Day26

A Lament for Pharaoh

from the Lent 2022: Come to Life reading plan


Ezekiel 31:1-18, Ezekiel 32:1-32, 1 Corinthians 1:26-31


Let’s face it: we love ancient Egypt. We’re fascinated by the tales—both true and myth—and archaeological treasures from this age-old land. Names like Tutankhamun, Ramses, and Cleopatra capture our imaginations, and extant structures like the sphinx and the pyramids at Giza intrigue us.

Hollywood has long been smitten with Egypt, too, producing plenty of movies based there. Tinseltown, it seems, especially loves a good tale about those famous linen-wrapped folks that are, ahem, just dying to escape their crypts. Horror legend Boris Karloff kicked things off with The Mummy in 1932. Brendan Fraser gave us a Mummy trilogy between 1999 and 2008. And because there’s no fun like undead fun, Tom Cruise served up a Mummy reboot in 2017.

However, when the prophet Ezekiel pronounced a series of seven oracles against Egypt, there was nothing fun or charming about it. Egypt had incurred divine judgment. For millennia, Egypt had set itself against God, failing to acknowledge Him while worshipping many false deities. Hophra, the pharaoh during most of Ezekiel’s ministry, fancied himself as “a lion of the nations” (Ezekiel 32:2). But Egypt would soon be crippled by Babylon’s King Nebuchadnezzar, then conquered by both the Persians and Alexander the Great. “Lament for Pharaoh king of Egypt,” God told Ezekiel (v.2).

“The sword of Babylon’s king will come against you!” Ezekiel prophesied. “I will make your hordes fall by the swords of warriors, all of them ruthless men from the nations. They will ravage Egypt’s pride, and all its hordes will be destroyed” (vv.11–12). What was the upshot of all this turmoil? As Ezekiel 32:15 says, “Then they will know that I am the LORD.”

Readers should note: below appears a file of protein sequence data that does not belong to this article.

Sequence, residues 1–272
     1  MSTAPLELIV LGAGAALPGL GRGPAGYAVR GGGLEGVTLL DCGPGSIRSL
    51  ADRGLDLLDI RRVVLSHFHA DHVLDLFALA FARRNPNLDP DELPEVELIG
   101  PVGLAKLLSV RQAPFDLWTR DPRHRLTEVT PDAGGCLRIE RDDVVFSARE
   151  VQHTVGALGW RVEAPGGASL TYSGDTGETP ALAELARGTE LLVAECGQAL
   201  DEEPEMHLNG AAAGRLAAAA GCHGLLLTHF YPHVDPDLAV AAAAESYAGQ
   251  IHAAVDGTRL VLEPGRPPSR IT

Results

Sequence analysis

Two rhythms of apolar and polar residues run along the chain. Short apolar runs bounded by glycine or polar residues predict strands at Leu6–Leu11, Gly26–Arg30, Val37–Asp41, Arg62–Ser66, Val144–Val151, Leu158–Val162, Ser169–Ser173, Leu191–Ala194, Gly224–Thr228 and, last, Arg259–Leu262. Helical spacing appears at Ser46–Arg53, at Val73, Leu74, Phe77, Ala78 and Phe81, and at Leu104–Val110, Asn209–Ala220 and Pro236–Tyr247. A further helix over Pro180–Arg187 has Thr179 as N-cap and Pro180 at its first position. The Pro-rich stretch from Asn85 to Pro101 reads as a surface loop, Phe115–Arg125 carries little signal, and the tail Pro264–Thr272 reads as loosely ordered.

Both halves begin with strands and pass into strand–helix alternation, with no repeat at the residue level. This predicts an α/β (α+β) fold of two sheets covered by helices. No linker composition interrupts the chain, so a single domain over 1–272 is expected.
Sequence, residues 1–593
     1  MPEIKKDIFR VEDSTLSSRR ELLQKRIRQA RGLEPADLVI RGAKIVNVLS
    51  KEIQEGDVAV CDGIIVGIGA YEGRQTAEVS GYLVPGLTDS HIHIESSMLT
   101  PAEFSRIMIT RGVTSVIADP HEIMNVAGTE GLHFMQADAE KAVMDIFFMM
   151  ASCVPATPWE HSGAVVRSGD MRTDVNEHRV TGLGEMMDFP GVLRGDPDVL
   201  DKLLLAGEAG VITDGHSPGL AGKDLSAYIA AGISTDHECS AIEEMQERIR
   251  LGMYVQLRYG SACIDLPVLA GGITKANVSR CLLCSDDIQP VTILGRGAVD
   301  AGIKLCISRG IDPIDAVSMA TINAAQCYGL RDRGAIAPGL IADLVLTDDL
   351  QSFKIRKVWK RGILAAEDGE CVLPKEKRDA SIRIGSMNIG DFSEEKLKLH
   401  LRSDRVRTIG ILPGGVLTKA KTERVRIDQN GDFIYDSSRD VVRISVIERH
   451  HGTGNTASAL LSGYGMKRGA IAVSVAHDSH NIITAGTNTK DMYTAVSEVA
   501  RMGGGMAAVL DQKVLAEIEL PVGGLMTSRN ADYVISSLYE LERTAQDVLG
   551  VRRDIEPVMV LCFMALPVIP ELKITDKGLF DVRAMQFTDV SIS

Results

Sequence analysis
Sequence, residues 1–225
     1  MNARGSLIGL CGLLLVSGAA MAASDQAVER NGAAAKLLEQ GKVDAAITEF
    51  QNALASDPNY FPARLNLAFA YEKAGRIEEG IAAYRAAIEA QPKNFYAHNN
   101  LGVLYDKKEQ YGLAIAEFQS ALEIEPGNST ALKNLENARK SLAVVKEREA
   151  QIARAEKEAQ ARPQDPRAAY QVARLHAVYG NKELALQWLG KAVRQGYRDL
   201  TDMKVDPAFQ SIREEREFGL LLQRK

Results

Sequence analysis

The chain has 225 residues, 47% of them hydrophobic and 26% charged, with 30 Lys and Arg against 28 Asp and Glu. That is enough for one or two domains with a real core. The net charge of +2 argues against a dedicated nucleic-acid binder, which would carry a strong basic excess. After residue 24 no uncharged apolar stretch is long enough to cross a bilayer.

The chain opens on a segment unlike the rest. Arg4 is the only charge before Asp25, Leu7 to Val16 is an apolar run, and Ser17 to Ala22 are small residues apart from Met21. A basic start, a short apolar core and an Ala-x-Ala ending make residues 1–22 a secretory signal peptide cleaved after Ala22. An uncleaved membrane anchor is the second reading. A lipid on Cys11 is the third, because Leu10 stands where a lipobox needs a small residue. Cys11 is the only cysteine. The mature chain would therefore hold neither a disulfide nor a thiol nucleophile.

God judged Egypt for its pride, as He did with many other ancient nations. Pride is thinking too highly of oneself and too little of God. Pride is disregarding God’s gracious rule in our lives. Pride either doesn’t acknowledge the Lord at all, or says, “God, I know you’re the holy, sovereign, omniscient ruler of the universe…but I’m not sure you can handle this particular problem in my life. So thanks, but I’ll take it from here.”

God does not share His glory with anyone. He is rightly jealous for the exclusive honor of His name. And let’s be honest: we have nothing to boast about anyway. The season of Lent reminds us we are sinners saved by grace. Our greatest accomplishments—indeed, our very breath—all come from God.

Praise the Lord that He poured out mercy, love, and forgiveness on us through His Son! In Jesus Christ, we can gladly boast about our salvation. As 1 Corinthians 1:30–31 says, “It is from him that you are in Christ Jesus, who became wisdom from God for us—our righteousness, sanctification, and redemption—in order that, as it is written: Let the one who boasts, boast in the Lord.”

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